Signs and Symptoms

Statistically, a couple's failure to achieve conception is equally as likely to result from a problem with the man as with the woman.

Over the last several decades, concern has risen about the impact of industrialization on reproductive health. This concern stems largely from reports showing that semen quality of men in Europe and the United States has decreased over the latter half of the 20th century. The environmental toxins most often cited as potential contributors to infertility can be organized into physical, chemical, occupational and lifestyle factors. Hyperthermia (increased temperature), radiation and electromagnetic fields, for example, are several physical factors that have been linked to infertility in men. Cigarette smoking, excessive alcohol consumption, marijuana and cocaine use as well as caffeine intake may contribute to chemical causes of infertility. Occupational hazards such as some pesticides, industrial toxins like dioxin and polychlorinated biphenyls (PCBs), and exposure to heavy metals also may be linked to infertility. Finally, stress, nutrition and other lifestyle factors also can play a role.

Any fertility treatment may be expected to have an effect on semen quality roughly three months after it is started, as this is the length of time required for a single cycle of spermatogenesis, or sperm production. If neither surgical nor medical therapy is appropriate, assisted reproductive technologies are possible.

In choosing a treatment plan, consideration should be given to each couple's long-term goals and financial constraints and the results of the female partner's evaluation in addition to male factor findings.

Male Symptoms

Some men experience physical symptoms that indicate a cause of infertility and assist the healthcare provider to make a diagnosis, while others have none.

A change in the size of a man's testes and weight gain or loss can be relevant. Reporting symptoms in a timely fashion can help your physician make a diagnosis and bring you and your partner one step closer to your goal. 

Here you will find descriptions of symptoms that can be linked to male infertility. They have been categorized according to how they manifest themselves, such as through infection or physical indicators.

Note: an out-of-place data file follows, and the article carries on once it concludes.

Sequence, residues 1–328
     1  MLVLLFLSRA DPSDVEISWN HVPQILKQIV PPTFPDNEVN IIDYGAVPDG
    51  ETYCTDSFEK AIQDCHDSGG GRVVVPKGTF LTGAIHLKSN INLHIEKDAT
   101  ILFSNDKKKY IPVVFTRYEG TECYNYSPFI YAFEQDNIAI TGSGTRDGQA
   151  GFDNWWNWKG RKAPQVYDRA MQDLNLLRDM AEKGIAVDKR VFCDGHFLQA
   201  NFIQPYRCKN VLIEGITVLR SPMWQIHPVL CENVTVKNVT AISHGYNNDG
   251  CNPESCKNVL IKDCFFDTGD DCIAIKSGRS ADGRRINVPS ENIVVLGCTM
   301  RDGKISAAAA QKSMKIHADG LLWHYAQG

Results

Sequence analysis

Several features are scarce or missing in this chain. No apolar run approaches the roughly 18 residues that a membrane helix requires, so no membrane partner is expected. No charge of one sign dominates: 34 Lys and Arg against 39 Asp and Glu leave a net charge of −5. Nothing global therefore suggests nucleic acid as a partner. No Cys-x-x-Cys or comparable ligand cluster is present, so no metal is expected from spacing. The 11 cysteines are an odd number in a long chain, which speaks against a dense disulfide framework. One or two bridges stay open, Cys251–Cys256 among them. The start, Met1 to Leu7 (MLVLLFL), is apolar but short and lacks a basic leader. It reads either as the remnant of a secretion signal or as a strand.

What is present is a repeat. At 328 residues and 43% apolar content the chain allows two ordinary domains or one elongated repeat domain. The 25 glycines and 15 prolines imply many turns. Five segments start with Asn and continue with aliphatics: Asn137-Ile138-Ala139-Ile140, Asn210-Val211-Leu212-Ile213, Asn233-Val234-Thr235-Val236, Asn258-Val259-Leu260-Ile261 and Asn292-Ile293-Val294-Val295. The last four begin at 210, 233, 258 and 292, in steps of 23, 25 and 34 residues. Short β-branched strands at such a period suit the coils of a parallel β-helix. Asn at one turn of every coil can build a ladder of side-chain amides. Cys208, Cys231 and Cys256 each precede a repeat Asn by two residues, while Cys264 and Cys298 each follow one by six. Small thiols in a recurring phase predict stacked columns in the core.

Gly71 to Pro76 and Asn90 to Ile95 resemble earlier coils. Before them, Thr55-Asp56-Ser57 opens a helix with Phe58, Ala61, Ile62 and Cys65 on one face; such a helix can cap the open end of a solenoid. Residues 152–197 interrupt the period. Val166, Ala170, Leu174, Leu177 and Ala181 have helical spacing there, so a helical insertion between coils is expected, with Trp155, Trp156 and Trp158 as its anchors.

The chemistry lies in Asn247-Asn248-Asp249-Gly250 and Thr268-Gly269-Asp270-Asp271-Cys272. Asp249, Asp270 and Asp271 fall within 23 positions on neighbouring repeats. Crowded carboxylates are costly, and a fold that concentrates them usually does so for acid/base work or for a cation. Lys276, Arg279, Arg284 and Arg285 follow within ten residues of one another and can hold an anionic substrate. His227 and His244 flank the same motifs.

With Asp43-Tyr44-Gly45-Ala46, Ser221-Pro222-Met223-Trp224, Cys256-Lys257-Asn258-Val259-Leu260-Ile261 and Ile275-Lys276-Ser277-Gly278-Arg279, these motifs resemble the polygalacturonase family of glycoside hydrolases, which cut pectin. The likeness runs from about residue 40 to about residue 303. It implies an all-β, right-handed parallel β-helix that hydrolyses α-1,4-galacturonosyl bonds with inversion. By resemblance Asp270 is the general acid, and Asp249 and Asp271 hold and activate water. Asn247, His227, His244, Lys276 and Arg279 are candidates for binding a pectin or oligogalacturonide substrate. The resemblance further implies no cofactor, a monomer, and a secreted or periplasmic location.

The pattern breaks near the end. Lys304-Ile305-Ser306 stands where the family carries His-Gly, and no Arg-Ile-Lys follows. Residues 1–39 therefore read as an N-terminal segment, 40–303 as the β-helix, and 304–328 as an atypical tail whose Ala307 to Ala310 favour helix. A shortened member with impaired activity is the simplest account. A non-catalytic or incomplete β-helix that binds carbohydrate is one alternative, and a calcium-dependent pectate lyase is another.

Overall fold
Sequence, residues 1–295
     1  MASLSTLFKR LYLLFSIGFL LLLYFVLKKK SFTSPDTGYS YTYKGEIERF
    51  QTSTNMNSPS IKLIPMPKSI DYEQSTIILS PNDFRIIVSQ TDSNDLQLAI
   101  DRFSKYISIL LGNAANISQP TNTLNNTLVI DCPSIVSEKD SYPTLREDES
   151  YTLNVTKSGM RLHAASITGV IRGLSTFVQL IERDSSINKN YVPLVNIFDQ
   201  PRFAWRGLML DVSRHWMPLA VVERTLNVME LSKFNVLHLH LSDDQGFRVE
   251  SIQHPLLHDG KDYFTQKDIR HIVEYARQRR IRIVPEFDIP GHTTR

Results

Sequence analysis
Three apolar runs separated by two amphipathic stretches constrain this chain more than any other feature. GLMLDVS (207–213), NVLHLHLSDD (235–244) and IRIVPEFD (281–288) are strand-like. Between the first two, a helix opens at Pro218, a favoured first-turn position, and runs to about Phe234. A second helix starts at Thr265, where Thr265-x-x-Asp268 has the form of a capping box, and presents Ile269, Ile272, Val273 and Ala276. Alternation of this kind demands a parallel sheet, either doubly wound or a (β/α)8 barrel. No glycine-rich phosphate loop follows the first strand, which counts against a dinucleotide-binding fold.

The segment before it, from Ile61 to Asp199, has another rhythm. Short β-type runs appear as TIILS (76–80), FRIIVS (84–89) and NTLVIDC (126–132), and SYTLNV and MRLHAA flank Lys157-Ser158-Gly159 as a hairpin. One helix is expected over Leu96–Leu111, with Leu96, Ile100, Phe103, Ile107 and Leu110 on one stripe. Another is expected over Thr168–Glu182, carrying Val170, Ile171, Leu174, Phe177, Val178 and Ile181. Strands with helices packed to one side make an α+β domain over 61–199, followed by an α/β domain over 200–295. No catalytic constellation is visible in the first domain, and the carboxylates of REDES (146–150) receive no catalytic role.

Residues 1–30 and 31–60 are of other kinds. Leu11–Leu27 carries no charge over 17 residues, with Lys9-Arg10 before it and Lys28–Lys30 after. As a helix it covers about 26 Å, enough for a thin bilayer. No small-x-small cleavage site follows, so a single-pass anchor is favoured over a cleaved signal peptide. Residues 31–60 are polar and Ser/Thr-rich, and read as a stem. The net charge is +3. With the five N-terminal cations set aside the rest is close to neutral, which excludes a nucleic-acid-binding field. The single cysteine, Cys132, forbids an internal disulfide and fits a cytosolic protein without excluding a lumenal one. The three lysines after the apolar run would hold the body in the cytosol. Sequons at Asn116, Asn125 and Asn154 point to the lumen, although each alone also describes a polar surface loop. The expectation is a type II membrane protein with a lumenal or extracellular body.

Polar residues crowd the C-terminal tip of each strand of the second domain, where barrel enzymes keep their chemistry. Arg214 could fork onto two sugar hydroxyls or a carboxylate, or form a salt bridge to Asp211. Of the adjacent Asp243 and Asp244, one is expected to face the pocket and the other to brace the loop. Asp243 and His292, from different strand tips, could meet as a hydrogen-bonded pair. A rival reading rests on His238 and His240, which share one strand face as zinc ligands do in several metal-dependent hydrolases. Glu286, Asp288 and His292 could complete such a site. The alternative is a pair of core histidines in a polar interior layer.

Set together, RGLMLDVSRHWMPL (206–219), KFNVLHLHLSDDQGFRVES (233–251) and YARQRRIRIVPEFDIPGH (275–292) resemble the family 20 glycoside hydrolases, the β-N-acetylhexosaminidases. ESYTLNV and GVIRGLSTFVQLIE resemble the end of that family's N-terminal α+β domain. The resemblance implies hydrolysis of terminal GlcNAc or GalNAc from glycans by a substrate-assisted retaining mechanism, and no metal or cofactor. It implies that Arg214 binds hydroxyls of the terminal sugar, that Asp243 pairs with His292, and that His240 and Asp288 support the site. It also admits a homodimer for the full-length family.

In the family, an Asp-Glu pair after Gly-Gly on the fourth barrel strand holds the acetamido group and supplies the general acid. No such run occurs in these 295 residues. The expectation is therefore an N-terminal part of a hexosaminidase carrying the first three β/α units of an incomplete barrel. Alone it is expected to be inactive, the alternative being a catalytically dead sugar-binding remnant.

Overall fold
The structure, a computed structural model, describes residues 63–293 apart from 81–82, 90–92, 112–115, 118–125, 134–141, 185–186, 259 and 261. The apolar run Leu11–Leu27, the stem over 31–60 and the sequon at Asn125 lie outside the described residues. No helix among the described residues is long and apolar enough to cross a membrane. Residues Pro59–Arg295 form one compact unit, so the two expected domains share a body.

They are categorized into 2 groups:

  • Infections

  • Physical signs/symptoms

Infections

Certain infections have been known to affect a man’s fertility. In most instances the impact is minimal, but in the case of sexually transmitted diseases (STDs), the effects can be severe.

  • Mumps

If a man has had mumps as an adult or a child, it should be mentioned to the healthcare provider or specialist. Commonly the virus affects only the glands below the jaw, which does not usually compromise fertility. If, however, the virus affects the testicles, it can cause a condition called mumps orchitis. Approximately one-third of these men will experience reduced testicular function that can lead to abnormal sperm count or motility.

  • Sexually Transmitted Diseases (STDs)

Chlamydia can do permanent damage if not treated and can eventually cause infertility. Even if a man had chlamydia in the past and was treated for it, the residual effects can be destructive. If a man has been treated for STDs in the past (especially chlamydia), one of the following infertility diagnoses may apply:

  • Azoospermia

  • Epididymitis

  • Sperm Problems

  • Urinary Tract Infections (UTIs)

Recurrent UTIs are not necessarily a sign of an infertility problem, but may be indicative of other problems. If a man has them regularly, it should be mentioned to the healthcare provider since it may suggest an immunological problem.

Physical Symptoms

Some men may be symptomatic while others may need a healthcare provider to detect the problem. Some physical symptoms can indicate an underlying infertility problem.

  • Swollen Testes

The man himself is the best judge of whether or not his testicles are swollen.

If the testes appear to be swollen, this may suggest epididymitis -- a condition in which the epididymis (the site of sperm storage) becomes inflamed.

  • Undescended Testes

Undescended testes are usually surgically corrected at a very young age, however it is still important to inform the healthcare provider since the correction may have caused a hernia. If the condition wasn't corrected, the scrotal sac will still be present, but will feel empty. This may indicate an infertility condition called cryptorchidism.

  • Vasectomy and Vasectomy Reversals

If a man has had a vasectomy reversal, his healthcare provider should be informed. Vasectomy reversals are not always successful and can cause a man to develop problems later on such as blockages, sperm problems and azoospermia.